Art Juror Statement: Diana Moore

“How inappropriate to call this planet Earth when it is quite clearly Ocean.”   –Arthur C. Clarke

With every grain of sand, sod, and soil spoken for on the shore, the artists in this exhibit are deeply connected to the mystery and great unmined truths of the last thing no one can claim: the sea. Sadly, living in a time of rising pollution, the previously imperceptible becomes prominent and threatening as even the smallest changes can have a rippling effect on ocean health. Each artist blends science and art to elevate the ocean from a respite of sublime contemplation to a bellwether of environmental instability.

Many of the works are linked by processes of discovery and data-driven creativity. Marta Beltramo, a biochemist, allows streams of color and textures to collide into unique patterns, drawing on the development of earth’s topography over centuries. Based on marine research, Mary Ann Biehl isolates and names the iconic whale fluke to emphasize the individual dependence of these literary legends on an evolving seascape. Images deeply rooted in the sincerity of science unify this exhibition where art is a vessel for vital truths.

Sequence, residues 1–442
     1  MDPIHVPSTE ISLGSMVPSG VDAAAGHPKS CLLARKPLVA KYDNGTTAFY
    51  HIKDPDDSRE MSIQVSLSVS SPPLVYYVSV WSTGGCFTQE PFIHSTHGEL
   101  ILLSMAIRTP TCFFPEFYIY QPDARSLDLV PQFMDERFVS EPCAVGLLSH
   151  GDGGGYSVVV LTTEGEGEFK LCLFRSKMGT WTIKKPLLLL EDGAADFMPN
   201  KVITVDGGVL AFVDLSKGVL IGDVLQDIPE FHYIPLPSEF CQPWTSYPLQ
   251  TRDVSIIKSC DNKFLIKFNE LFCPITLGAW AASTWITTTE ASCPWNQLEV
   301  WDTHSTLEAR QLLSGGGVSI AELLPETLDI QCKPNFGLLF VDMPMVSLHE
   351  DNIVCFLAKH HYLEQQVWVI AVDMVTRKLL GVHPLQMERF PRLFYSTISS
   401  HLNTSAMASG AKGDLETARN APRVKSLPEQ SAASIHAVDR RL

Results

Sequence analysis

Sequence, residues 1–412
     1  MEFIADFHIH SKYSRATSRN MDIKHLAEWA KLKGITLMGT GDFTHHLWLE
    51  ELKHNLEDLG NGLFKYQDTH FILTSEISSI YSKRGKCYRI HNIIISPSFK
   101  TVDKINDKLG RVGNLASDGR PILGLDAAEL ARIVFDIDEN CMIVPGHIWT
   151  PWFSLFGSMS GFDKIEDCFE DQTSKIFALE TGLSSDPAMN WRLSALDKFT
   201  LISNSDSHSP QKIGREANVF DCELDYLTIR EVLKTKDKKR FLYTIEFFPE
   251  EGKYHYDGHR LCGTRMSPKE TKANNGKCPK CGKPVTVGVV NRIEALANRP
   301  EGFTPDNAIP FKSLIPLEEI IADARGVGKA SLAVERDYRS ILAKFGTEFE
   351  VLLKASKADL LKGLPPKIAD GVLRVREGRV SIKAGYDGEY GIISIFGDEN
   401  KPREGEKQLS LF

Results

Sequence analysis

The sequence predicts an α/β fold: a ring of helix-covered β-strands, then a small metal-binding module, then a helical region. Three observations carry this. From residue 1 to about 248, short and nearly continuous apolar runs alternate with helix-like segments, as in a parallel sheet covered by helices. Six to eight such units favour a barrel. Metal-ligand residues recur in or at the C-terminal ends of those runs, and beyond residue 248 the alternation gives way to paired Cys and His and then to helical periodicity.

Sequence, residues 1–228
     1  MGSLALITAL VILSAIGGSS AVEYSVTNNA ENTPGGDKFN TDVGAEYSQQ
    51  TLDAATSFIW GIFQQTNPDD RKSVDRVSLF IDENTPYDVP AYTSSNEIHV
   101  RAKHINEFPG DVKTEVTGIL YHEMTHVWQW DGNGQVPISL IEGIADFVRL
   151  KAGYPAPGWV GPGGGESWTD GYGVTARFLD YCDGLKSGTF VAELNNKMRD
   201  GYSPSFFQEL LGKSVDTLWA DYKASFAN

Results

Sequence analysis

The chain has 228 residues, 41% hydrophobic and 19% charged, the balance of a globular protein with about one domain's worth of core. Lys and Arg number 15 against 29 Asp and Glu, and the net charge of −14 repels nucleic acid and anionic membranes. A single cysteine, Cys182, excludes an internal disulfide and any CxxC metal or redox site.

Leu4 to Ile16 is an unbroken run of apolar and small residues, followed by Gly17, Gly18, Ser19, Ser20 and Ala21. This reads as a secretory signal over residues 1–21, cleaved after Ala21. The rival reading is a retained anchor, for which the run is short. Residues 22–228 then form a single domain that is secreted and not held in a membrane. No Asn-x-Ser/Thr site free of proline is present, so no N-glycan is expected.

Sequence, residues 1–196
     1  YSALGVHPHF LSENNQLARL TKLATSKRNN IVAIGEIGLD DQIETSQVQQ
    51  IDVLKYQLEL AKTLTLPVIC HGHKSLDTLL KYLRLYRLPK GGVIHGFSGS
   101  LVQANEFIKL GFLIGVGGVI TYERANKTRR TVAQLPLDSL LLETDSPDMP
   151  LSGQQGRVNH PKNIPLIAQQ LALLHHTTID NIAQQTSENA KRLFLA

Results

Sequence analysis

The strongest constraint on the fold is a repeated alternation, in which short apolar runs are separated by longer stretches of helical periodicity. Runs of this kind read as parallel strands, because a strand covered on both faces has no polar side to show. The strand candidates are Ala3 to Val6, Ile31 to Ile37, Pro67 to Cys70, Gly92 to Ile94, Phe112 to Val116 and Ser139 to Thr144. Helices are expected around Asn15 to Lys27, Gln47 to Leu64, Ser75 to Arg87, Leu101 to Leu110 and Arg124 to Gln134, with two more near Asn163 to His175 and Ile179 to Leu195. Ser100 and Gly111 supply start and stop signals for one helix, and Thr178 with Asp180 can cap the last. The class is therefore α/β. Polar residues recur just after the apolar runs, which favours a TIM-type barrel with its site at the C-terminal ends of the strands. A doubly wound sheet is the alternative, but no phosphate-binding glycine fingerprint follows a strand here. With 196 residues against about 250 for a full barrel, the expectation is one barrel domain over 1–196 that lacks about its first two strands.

Just as the role of a scientist is to translate data into information, several of the artists translate scientific data into visual and tactile calls-to-action. Carrie Bodle transforms spatialized sound derived from oceanographic data into immersive installations that “create a tangible experience of data through art”, while Hunter Cole uses bioluminescent fish gut bacteria to emphasize the ocean’s complex network of nutrients. And, the work of artists like Susan Hoenig and Colleen Flanigan evokes the fragility of our interconnected underwater worlds where one droplet can trigger a cascading crisis if we, as a society, do not change tack.

Juror’s Abbreviated Bioclick here